• Cell identity allocation and optimisation of handover parameters in self-organised LTE femtocell networks

      Zhang, Xu (University of BedfordshireUniversity of Bedfordshire, 2013-09-16)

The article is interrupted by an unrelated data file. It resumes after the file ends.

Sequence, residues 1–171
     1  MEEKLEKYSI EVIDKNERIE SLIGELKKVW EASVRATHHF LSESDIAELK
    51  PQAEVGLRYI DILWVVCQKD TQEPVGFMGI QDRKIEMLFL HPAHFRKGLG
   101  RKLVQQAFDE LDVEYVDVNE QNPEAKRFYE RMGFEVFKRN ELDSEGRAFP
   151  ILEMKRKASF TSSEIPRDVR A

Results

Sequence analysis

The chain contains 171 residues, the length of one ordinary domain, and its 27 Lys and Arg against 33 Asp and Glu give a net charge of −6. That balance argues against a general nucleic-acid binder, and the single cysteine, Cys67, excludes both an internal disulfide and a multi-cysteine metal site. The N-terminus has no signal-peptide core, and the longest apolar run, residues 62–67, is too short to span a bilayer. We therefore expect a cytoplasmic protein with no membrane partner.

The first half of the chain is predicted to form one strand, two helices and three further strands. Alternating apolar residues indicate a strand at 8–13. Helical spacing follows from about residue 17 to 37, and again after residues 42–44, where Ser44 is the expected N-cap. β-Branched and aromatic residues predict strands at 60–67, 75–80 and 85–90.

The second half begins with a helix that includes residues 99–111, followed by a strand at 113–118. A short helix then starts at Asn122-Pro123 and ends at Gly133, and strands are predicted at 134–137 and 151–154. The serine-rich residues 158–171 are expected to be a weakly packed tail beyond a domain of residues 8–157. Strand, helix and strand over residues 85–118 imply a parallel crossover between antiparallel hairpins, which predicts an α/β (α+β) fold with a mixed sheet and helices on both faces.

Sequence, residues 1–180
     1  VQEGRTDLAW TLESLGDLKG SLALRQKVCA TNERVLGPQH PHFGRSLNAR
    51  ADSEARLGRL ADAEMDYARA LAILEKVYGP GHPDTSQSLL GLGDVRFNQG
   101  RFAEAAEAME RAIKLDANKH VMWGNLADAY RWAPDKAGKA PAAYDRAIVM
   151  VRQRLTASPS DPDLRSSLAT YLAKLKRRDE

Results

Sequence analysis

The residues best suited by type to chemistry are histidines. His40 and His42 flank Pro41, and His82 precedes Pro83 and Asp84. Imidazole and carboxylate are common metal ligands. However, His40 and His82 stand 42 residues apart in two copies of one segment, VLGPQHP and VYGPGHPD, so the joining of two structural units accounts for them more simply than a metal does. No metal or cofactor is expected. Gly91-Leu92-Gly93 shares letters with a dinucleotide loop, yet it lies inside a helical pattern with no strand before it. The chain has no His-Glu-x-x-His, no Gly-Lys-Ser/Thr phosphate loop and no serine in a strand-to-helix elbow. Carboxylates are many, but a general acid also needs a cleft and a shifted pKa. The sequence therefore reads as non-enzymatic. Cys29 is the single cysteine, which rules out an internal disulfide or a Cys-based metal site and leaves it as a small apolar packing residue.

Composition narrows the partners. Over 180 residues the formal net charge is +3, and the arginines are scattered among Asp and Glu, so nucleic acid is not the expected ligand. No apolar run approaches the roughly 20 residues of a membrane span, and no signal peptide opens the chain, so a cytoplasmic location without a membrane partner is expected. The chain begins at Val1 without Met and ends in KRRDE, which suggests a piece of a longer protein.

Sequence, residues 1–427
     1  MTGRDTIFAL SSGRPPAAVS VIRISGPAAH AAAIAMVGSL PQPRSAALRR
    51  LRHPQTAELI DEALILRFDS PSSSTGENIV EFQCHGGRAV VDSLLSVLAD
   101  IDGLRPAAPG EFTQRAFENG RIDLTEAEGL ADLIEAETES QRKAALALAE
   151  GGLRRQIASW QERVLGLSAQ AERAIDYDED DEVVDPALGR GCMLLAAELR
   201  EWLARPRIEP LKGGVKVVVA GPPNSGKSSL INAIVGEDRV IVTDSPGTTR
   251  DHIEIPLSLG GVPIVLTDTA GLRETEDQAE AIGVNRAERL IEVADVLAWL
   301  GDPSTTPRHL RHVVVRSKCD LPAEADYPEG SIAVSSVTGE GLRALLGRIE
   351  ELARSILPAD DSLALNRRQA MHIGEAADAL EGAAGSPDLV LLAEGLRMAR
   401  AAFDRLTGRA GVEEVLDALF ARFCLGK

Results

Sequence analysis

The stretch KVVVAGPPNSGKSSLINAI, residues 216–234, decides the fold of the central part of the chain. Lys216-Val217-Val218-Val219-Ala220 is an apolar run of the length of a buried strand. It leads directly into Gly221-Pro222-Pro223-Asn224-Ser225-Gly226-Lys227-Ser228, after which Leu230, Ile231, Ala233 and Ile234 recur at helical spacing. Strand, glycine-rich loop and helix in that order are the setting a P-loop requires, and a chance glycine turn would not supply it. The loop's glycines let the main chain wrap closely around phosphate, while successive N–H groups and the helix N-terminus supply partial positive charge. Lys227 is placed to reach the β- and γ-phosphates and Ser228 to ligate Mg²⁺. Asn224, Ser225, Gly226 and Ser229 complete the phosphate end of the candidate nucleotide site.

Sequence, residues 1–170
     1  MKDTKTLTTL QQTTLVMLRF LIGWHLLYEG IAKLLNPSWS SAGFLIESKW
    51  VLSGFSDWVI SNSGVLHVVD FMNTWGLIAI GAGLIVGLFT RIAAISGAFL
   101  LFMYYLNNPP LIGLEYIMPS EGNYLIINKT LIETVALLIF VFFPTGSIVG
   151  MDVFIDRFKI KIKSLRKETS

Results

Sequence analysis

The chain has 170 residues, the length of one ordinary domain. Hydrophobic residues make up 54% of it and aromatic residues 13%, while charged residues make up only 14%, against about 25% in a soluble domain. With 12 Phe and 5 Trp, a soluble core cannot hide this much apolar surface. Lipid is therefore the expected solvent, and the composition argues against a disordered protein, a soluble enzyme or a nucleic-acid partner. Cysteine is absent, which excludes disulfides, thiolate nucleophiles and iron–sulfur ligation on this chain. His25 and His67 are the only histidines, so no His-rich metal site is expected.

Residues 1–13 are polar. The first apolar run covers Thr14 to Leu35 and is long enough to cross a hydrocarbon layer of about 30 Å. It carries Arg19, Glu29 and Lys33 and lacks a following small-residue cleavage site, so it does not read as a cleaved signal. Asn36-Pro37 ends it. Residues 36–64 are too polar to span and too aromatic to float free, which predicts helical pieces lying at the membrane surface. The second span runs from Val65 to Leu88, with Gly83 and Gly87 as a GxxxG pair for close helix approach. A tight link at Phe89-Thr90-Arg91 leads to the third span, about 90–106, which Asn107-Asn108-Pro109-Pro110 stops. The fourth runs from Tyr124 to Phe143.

Femtocell is a small cellular base station used by operators to extend indoor service coverage and enhance overall network performance. In Long Term Evolution (LTE), femtocell works under macrocell coverage and combines with the macrocell to constitute the two-tier network. Compared to the traditional single-tier network, the two-tier scenario creates many new challenges, which lead to the 3rd Generation Partnership Project (3GPP) implementing an automation technology called Self-Organising Network (SON) in order to achieve lower cost and enhanced network performance. This thesis focuses on the inbound and outbound handovers (handover between femtocell and macrocell); in detail, it provides suitable solutions for the intensity of femtocell handover prediction, Physical Cell Identity (PCI) allocation and handover triggering parameter optimisation. Moreover, those solutions are implemented in the structure of SON. In order to e ciently manage radio resource allocation, this research investigates the conventional UE-based prediction model and proposes a cell-based prediction model to predict the intensity of a femtocell's handover, which overcomes the drawbacks of the conventional models in the two-tier scenario. Then, the predictor is used in the proposed dynamic group PCI allocation approach in order to solve the problem of PCI allocation for the femtocells. In addition, based on SON, this approach is implemented in the structure of a centralised Automated Con guration of Physical Cell Identity (ACPCI). It overcomes the drawbacks of the conventional method by reducing inbound handover failure of Cell Global Identity (CGI). This thesis also tackles optimisation of the handover triggering parameters to minimise handover failure. A dynamic hysteresis-adjusting approach for each User Equipment (UE) is proposed, using received average Reference Signal-Signal to Interference plus Noise Ratio (RS-SINR) of the UE as a criterion. Furthermore, based on SON, this approach is implemented in the structure of hybrid Mobility Robustness Optimisation (MRO). It is able to off er the unique optimised hysteresis value to the individual UE in the network. In order to evaluate the performance of the proposed approach against existing methods, a System Level Simulation (SLS) tool, provided by the Centre for Wireless Network Design (CWiND) research group, is utilised, which models the structure of two-tier communication of LTE femtocell-based networks.